So I'm ready to stop potentially spreading disease and get down to healthy beekeeper practices.

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  1. Anonymous7:00 PM

    I have the same kinds and I like the one in middle the best.

  2. Just wondered why Anonymous likes the one in the middle best? I've never used one like it, but the blade edge on the side seems like it would be easy to use in my hand, like having a jack-knife to shave away at hard stuff. - I'm a second year beekeeper so figure that into my comment :) Thanks for the great blog!

  3. The middle tool's best part is the hook end. It's designed to catch under the edge of a frame and when you rotate the tool back it lifts the frame.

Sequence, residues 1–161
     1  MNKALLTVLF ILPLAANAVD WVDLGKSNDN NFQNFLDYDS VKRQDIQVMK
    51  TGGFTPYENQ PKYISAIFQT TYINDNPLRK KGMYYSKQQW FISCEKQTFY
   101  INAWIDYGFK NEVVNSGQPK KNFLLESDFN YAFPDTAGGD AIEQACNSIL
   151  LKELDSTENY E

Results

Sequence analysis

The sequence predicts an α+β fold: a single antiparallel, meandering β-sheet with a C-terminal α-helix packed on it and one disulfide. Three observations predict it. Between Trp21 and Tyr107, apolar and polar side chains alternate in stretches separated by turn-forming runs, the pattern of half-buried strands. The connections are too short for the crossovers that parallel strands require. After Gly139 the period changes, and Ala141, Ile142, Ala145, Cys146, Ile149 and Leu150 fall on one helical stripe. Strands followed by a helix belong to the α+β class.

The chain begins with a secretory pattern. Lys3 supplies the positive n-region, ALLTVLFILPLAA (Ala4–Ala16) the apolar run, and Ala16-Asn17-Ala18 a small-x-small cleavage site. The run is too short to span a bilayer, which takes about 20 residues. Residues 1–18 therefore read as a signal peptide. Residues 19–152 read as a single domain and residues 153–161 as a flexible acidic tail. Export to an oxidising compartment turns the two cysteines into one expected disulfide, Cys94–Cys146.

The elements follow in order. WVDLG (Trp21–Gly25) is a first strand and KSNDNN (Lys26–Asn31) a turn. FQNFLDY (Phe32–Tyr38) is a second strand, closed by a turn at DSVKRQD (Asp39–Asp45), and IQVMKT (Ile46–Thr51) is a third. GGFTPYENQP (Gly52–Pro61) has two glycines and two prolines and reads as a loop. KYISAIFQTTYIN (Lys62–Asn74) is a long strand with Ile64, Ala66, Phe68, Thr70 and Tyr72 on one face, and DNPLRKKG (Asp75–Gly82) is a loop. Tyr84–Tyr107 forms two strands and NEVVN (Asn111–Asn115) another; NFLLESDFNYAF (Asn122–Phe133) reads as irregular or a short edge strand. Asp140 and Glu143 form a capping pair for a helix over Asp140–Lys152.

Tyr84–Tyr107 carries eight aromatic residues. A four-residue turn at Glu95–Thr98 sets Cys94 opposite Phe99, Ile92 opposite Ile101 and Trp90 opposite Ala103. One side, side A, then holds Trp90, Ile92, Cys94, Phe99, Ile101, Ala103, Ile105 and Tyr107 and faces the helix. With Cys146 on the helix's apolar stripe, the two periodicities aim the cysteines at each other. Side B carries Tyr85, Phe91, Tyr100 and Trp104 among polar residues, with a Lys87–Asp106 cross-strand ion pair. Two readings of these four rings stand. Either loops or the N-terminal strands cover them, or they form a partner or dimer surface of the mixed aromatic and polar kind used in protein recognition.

We were taught in class to put our tool into the smoker when it's burning with flames to sterilize the tool between bee yards.

  4. I know that heating the hive tool will sterilize it, but since I want my smoker to continue smoking and not need to stoke it between each hive, I am hoping that Clorox wipes will be a good alternative. I didn't ask Jennifer what kind of wipes she was using, but it looked like something similar to the Clorox wipe.

  5. You did a good job getting them cleaned up and now you know to keep them that way :)

  6. See, I learned something new again from you. Although I've been washing my hive tool after I use it I wasn't cleaning it between hives. Now I will. It makes sense that it could spread disease. Thanks for the great information.

  7. Anonymous5:03 PM

    Have you ever thought about getting a few hive tools and having one for each yard to help even cut back even more? It's something I see recommended pretty frequently.